Have you ever spotted a lie on a resume or in an interview? It’s more common than you think. The latest research from CareerBuilder found that more than half of employers have caught a lie on a resume. Most of these lies are about embellished skill sets (62 percent), while more than half included embellished responsibilities and nearly 40 percent include misrepresented dates of employment. Rounding out the list of the most common lies are phony job titles (31 percent) and academic degrees (28 percent).
We decided to ask employers ourselves what types of lies they’ve uncovered and how they handled the situation once they found out. Here’s what they had to say:
- “I’ve caught interviewees or recent hires lying numerous times. It either sticks out on their resume or [becomes apparent] once they get into the position and can’t perform the task they said they could. I usually wind up having to fire them.”
- “Recently, I caught someone lying on an application [but] I’m not the person who can send them packing. The boss would rather have a warm body than none at all. [That is tough] to deal with.”
- “I’ve caught employees embellishing the truth a little but, to me, that’s marketing. Have you ever seen a successful ‘boring’ marketing campaign? I don’t think there’s any resume out there that’s 100 percent accurate and true. [Candidates] have to and are almost forced into [embellishing] to make their resumes stand out among the vast number of competitors.”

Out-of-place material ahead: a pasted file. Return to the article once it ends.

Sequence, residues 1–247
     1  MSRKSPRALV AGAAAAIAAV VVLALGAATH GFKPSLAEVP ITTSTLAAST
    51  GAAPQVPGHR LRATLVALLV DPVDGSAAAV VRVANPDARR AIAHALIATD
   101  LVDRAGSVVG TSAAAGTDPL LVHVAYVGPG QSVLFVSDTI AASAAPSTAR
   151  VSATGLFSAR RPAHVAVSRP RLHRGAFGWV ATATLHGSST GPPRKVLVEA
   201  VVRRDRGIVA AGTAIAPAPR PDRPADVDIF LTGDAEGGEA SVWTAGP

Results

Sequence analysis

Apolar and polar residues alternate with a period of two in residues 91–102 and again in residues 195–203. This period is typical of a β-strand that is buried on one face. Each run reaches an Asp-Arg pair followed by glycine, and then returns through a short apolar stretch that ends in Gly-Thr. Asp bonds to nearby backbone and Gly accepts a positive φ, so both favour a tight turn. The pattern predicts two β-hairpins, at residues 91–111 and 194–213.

- “[I’ve seen it happen] plenty of times on applications, especially in regards to criminal history. And, if that’s the case, they are terminated.”
- “Answers [to my interview questions] sounded too good, [so I] checked references. Those checked out. I called the previous employer [and] got a different story. Then I invited them back in to explain. No show.”
- “I contacted one of his previous employers, and they provided correct info, plus they highly recommended I perform a public records inquiry. The results of the inquiry revealed even more awful stuff. I wouldn’t have gone the extra mile had he not scored so well on his pre-employment testing. I sent him a generic form e-mail letting him know we were moving on to other candidates.”
- “[A candidate once] explained a resume gap in an interview as ‘Stage 4 H1N1.’ I work at the health department with doctors and nurses: not a good place to make up a health issue. She didn’t get a call back.”
- “An item [on the resume] got my attention and, during the interview, I drilled down for detail. He clearly had no clue and the interview was over.”
Keep in mind the shocking statistics we shared at the beginning of this post incorporate lies that were discovered. Seven in 10 employers spend less than five minutes reviewing a resume and more than one in two have caught a lie on a resume. Imagine the percentage of lies that are never uncovered.
Does that bother you? Why or why not? This interesting Reddit string started with the question, “HR people…what SHOULD we lie about on our resumes?” Within the nearly 6,000 answers, there were some valid points raised. For instance, do you expect candidates to embellish their salary histories, if asked to provide them? Do you hold it against them if they do?
Get ready to brush up on your detective skills next month as we keep the conversation going with ways to tell if a job candidate is lying, including working with a reputable staffing agency and having a process in place that weeds out candidates who are untruthful.
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